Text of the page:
13 comments:

  1. Caroline, this corset looks fantastic. I really enjoy reading your blog and seeing all of your beautiful work.

    I do have to ask you - do you know the costumers Katherine and Twila? (koshka_the_cat and twilatee at livejournal) If not, you should as you all live in the same area. Let me know and I could put you in touch.

    -Sarah

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    Replies
    1. Thanks so much! I'm very pleased with the outcome of this project.

      And the more the merrier :) At the workshop, some of the other girls and I were saying, since far too little sewing related stuff goes on in our area, we are hoping to get together more. I would love to have more people join in. I do follow Katherine's site, but have never met her. She makes beautiful things!

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    2. Caroline... Please do call us! We'd love to have a new sewing friend. :)

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    3. Hi, Twila! I don't know if you already follow the Southern Nevada Living History Association on facebook or yahoo groups, but check it out. Lately us ladies have been trying to do some fun dress up thing like once a month. There aren't too many of us. It would be great to have more people!

      Cheers!
      Caroline

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    4. I'm a member, but don't really attend their meetings. Although I did make it to SMR for one afternoon. Ironically enough Katherine and I spent most of our afternoon chatting with Shelly Peters! :)

      Did you know that the CSA is having a symposium in Las Vegas coming up this year? http://www.costumesocietyamerica.com/natsym.htm
      Although it's quite academic there are normally some really great costumers in attendance. :)

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    5. That's funny, because that is exactly what I did at SMR, too! I chatted and bought lots of patterns and left :)

      I heard something about the symposium a while back. Thanks for reminding me! I do want to go. I'm sure it's very interesting!

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  2. Gorgeous! You look fabulous in it so far; I can't wait to see you decorate it. I really enjoyed that last photo of the two ladies, Ms. Old Fashion and Ms. New Fashion. I find both looks to be equally charming, though Ms. New looks a little snooty.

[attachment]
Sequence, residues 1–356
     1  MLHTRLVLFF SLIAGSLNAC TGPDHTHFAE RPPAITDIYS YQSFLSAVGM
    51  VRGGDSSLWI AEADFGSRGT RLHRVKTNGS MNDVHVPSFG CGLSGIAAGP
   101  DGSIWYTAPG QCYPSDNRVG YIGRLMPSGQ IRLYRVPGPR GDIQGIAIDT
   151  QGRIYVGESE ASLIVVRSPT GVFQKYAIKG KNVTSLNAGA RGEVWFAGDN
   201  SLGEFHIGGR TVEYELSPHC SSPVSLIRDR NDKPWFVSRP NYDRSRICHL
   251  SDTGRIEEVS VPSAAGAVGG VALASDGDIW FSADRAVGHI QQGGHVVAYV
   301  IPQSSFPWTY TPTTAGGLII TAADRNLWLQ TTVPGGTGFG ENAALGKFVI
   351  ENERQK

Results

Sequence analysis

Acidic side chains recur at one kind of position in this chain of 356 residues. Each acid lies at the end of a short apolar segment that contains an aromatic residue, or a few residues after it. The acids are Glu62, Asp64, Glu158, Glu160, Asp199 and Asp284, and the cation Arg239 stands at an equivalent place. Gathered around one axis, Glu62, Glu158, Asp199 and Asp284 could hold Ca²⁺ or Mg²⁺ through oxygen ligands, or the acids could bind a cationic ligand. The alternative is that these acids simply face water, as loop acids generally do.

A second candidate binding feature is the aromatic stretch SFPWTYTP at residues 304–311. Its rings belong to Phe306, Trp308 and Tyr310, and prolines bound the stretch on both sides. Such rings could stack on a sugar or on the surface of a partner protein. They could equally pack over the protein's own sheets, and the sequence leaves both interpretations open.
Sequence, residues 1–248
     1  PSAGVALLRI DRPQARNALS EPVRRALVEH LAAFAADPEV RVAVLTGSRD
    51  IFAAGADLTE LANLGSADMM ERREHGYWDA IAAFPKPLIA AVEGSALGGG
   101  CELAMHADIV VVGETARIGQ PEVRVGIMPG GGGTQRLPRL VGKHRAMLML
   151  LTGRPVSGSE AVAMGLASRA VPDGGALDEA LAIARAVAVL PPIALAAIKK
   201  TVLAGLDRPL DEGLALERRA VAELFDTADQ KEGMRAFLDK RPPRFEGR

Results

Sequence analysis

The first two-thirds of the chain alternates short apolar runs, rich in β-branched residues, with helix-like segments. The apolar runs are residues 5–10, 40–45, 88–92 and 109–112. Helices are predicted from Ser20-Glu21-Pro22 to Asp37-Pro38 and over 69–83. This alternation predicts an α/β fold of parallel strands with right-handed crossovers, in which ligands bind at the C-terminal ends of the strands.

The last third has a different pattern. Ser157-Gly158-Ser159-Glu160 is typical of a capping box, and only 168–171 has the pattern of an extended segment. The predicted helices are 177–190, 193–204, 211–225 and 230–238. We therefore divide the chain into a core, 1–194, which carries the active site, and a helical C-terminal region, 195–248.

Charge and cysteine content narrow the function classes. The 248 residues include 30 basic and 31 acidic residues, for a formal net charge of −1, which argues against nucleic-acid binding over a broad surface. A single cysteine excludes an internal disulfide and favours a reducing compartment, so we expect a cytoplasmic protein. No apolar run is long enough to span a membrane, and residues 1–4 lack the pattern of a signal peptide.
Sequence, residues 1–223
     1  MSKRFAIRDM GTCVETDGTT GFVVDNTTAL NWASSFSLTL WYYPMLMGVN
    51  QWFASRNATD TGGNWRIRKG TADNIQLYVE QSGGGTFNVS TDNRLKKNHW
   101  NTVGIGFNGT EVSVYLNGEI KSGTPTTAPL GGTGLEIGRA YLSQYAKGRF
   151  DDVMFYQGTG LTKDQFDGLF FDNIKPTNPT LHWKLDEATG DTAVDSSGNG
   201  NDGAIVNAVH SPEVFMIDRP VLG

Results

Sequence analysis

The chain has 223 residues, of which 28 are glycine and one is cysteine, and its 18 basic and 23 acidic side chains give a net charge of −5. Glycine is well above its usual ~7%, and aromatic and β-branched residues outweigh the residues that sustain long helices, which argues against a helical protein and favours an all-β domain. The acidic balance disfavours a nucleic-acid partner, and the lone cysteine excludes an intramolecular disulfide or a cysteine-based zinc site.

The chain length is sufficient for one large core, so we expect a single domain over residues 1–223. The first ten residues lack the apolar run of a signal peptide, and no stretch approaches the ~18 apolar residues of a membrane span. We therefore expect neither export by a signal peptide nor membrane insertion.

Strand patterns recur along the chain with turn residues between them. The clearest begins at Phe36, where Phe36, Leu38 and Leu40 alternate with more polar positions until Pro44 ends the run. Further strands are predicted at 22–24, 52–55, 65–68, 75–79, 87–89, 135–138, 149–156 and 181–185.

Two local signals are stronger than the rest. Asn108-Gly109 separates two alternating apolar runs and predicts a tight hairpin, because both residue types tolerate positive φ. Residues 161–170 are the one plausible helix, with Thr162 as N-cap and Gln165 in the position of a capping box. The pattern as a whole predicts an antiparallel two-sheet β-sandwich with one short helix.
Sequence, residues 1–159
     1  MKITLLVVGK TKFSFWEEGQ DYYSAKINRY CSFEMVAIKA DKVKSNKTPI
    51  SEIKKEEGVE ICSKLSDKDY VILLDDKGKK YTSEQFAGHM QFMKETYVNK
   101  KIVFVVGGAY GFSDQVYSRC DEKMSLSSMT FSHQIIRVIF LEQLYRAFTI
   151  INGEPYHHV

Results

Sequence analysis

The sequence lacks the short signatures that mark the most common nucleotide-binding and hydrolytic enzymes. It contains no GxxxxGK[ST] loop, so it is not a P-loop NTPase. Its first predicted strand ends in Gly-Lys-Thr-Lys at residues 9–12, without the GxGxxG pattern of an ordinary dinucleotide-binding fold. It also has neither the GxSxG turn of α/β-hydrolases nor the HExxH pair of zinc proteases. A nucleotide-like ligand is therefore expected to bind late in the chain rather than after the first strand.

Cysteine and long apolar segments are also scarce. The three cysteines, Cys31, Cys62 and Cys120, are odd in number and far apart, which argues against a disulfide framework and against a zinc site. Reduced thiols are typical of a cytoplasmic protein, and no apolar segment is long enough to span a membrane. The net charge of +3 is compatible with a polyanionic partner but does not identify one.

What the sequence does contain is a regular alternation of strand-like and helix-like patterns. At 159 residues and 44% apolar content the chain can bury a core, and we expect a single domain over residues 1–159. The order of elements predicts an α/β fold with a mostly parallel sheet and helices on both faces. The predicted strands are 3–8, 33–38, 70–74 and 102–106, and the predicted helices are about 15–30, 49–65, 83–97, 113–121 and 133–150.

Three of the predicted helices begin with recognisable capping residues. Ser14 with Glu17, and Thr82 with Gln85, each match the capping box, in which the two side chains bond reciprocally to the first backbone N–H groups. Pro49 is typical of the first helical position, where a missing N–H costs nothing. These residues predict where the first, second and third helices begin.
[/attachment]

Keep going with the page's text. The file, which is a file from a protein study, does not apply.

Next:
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    Replies
    1. Totally snooty! And Ms. Old Fashioned looks so sad :(

      Thanks for the good words, by the way. I just tacked some better trim on it to see how I like it. I think I'll leave the trim on overnight and see how I feel about it with fresh eyes in the morning. And I think it needs a big bow!

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  3. I love Shelly Peters! I have taken many a workshop from her because I am lucky enough to live in the same general area as her! She is so knowledgeable and helpful :)

    And your new corset looks great! Exciting to finally see the new pattern made up. You did a splendid job :)

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    1. Oo lucky you! I wish more sewing workshops came my way. It's so nice to have someone there who you can ask a million questions.

      The pattern was great, too. It's not too often an s-bend is called for, but it was definitely interesting to see how the shape turns out different than from an earlier Victorian corset, when they look like similar pattern pieces on paper.

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  4. I've been to her workshops too but I live 1 1/2 hrs from her so not as often as I'd like. Its just a great day of sewing with her.
    Your corset looks great. I made that one too.
    Val

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    1. Thanks! Yes, I was lucky she came to Vegas. It's hard to travel for workshops that span a few days, as much as I would like to.

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  5. Hey wanted to know how you finished of the seam